Poems-Death

 
 
The following was written by a dying a patient, Orville Kelly,
for his wife Wanda.  It is from pages 143/4 of a
book by Elisabeth Kubler-Ross entitled "Death:
the Final Stage of Growth".  Elisabeth Kubler-Ross
worked with the victims of Nazi Germany, in Switzerland,
during WWII:
 
 
Spring, and the land lies fresh green
Beneath a yellow sun
We walked the land together, you and I
And never knew what the future days would bring:
Will you often think of me,
When flowers burst forth each year?
When the earth begins to grow again?
Some say death is so final,
But my love for you can never die,
Just as the sun once warmed our hearts,
Let this love touch you some night,
When I am gone,
And loneliness comes-
Before the dawn begins to scatter
Your dreams away.
 
Summer, and I never knew a bird
Could sing so sweet and clear,
Until they told me I must leave you
For a while
 
I never knew the sky could be so deep a blue,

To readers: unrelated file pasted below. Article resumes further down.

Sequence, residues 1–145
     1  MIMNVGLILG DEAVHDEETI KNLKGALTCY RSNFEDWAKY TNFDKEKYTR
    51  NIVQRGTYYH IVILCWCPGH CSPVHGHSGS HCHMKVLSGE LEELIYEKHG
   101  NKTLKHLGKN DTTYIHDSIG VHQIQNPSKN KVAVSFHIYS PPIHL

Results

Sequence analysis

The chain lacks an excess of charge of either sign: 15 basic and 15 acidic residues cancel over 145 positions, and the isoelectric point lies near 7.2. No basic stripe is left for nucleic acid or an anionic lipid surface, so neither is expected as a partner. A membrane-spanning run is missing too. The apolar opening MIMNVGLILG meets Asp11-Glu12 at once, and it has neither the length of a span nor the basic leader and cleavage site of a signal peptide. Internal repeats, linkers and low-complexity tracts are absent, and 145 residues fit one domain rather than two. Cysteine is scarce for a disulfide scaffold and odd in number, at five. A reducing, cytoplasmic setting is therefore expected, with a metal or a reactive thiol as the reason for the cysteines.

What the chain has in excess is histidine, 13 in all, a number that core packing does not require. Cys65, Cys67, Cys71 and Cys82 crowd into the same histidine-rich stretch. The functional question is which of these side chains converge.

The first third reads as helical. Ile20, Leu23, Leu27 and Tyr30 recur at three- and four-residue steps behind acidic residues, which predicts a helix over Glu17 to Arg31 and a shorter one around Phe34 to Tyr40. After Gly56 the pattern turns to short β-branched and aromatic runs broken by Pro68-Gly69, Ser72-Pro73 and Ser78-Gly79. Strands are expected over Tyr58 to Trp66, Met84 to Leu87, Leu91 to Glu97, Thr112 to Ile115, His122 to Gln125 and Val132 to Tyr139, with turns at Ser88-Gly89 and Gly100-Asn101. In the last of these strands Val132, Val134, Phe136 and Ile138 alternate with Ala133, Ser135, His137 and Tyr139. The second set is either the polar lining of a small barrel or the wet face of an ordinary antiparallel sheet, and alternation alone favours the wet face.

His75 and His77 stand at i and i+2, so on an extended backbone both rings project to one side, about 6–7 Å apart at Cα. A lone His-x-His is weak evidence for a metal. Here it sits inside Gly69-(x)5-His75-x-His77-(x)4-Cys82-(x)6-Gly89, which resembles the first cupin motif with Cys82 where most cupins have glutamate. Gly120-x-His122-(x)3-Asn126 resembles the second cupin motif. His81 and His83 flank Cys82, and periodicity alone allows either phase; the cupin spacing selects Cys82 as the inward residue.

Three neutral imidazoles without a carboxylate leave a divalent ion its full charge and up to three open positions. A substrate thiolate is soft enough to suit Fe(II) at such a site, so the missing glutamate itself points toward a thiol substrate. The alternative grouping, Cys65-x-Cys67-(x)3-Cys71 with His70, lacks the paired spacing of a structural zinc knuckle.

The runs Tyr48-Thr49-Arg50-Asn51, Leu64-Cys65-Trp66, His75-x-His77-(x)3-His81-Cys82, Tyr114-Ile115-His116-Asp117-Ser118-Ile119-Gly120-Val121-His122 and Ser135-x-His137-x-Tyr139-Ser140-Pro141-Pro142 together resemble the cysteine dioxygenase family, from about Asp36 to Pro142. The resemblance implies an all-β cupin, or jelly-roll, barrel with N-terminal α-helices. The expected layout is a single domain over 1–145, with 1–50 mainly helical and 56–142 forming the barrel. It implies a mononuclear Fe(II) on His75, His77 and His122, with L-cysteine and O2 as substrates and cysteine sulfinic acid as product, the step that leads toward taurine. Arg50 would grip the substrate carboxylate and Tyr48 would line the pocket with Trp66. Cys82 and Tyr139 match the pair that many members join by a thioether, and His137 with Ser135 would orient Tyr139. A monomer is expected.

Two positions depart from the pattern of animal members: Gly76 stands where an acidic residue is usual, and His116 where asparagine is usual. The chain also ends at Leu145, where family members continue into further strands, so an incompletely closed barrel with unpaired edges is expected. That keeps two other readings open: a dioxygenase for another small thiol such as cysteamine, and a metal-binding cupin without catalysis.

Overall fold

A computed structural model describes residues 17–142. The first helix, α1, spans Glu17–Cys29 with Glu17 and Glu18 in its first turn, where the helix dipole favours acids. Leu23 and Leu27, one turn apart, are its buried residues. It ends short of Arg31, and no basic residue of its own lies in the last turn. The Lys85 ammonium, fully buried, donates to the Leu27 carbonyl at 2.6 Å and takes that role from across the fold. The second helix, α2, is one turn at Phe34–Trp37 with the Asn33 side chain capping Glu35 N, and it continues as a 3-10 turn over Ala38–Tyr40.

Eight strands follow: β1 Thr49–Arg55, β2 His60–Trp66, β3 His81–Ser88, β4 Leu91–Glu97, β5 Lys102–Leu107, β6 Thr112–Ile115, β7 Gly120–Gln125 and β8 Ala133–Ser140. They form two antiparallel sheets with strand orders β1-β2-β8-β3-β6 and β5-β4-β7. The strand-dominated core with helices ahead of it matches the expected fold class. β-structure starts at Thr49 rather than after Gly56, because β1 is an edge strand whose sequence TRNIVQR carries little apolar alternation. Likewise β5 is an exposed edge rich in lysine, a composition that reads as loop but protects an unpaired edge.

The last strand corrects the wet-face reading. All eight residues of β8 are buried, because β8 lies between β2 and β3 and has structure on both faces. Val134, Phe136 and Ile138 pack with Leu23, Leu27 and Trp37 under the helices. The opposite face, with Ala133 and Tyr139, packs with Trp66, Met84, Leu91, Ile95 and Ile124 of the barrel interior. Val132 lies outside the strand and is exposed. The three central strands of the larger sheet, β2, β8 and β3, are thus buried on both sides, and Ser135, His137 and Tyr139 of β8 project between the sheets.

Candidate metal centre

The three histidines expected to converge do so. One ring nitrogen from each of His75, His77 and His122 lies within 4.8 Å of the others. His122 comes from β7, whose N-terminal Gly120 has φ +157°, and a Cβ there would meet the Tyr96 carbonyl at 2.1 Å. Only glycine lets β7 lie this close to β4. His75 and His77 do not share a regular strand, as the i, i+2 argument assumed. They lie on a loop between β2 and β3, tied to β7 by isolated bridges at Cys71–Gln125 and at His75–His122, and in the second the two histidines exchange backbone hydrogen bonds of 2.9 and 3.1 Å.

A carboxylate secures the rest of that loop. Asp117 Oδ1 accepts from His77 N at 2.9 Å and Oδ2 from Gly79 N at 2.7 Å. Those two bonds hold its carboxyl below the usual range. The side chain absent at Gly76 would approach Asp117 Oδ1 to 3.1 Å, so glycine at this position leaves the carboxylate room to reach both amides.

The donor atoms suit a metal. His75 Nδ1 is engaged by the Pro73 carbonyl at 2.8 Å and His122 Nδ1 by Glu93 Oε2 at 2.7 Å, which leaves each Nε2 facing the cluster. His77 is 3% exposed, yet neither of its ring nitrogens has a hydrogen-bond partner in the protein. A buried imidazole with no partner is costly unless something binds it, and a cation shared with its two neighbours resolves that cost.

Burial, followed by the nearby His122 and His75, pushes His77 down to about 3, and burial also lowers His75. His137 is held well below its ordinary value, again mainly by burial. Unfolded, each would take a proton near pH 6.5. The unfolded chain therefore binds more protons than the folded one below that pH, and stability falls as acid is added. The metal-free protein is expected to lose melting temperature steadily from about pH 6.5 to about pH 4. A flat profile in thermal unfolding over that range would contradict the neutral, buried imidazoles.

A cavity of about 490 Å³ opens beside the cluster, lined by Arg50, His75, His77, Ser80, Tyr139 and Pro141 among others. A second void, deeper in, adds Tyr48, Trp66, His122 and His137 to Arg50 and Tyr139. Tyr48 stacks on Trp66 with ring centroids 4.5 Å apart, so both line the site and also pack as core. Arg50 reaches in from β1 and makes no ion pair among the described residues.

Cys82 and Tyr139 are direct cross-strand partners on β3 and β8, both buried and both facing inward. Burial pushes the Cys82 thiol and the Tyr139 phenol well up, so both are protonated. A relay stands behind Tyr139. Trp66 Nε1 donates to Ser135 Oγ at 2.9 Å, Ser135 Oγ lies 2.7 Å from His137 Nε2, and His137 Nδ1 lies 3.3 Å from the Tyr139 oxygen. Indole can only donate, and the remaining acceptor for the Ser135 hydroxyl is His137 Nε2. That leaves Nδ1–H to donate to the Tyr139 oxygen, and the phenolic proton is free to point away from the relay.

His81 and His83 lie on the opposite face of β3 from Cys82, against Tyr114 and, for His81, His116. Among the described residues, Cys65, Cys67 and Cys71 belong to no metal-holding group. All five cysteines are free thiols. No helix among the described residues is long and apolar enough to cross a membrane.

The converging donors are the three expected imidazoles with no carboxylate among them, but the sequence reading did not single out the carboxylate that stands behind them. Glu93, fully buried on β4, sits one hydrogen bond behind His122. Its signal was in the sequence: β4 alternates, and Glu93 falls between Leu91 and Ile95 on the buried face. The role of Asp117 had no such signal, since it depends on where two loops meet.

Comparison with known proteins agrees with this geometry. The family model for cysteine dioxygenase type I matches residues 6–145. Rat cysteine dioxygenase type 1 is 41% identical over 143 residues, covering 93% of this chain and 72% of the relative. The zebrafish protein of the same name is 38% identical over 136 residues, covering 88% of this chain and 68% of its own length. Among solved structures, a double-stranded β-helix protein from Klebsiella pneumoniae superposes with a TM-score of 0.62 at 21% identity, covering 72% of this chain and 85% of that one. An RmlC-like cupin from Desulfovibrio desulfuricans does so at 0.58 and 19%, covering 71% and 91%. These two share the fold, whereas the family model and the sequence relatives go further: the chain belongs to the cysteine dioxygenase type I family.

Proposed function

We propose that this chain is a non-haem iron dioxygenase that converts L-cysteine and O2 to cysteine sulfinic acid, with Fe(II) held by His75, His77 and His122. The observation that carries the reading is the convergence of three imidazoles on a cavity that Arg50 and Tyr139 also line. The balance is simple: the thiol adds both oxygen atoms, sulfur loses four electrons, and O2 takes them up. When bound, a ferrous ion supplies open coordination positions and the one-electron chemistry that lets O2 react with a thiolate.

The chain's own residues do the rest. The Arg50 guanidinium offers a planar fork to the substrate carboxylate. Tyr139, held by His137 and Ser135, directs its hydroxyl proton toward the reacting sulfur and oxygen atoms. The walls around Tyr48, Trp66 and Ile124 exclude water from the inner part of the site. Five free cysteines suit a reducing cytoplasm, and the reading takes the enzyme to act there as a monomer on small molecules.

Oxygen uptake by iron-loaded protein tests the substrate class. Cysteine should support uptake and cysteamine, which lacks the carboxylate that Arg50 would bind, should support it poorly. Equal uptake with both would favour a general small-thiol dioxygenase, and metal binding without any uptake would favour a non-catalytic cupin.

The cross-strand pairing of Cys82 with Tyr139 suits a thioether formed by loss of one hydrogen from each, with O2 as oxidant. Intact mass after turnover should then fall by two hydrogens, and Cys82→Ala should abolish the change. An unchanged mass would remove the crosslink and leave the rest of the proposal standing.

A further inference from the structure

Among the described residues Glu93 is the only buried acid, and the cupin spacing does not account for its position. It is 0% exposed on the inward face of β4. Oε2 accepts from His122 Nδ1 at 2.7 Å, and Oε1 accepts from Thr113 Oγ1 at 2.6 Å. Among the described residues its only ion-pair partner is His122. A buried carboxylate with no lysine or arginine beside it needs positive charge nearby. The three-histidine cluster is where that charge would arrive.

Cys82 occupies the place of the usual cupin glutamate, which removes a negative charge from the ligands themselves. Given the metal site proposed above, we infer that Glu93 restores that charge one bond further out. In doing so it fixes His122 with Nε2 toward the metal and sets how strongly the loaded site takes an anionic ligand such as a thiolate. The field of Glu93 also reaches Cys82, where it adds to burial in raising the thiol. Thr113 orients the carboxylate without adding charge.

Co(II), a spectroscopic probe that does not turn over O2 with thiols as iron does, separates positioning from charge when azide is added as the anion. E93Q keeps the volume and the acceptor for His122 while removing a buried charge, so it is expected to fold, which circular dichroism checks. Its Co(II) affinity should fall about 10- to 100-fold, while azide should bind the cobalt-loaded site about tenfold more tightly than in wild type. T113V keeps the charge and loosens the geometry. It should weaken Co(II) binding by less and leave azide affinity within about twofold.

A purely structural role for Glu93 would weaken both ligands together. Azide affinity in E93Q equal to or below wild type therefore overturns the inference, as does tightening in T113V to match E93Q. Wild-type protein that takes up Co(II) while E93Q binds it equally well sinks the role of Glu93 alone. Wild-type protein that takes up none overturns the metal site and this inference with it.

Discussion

Until I knew I could not grow old with you
But better to be loved by you,
Than to have lived a million summers,
And never known your love.
Together, let us you and I
Remember the days and nights,
For eternity.
 
Fall, and the earth begins to die,
And leaves turn golden-brown upon the trees.
Remember me, too, in autumn, for I will walk with you,
As of old, along a city sidewalk at evening-time,
Though I cannot hold you by the hand.
 
Winter, and perhaps someday there may be
Another fireplace, another room,
With crackling fire and fragrant smoke,
And turning, suddenly, we will be together,
And I will hear your laughter and touch your face,
And hold you close to me again.
 
But, until then, if loneliness should seek you out,
Some winter night, when snow is falling down,
Remember, though death has come to me,
Love will never go away.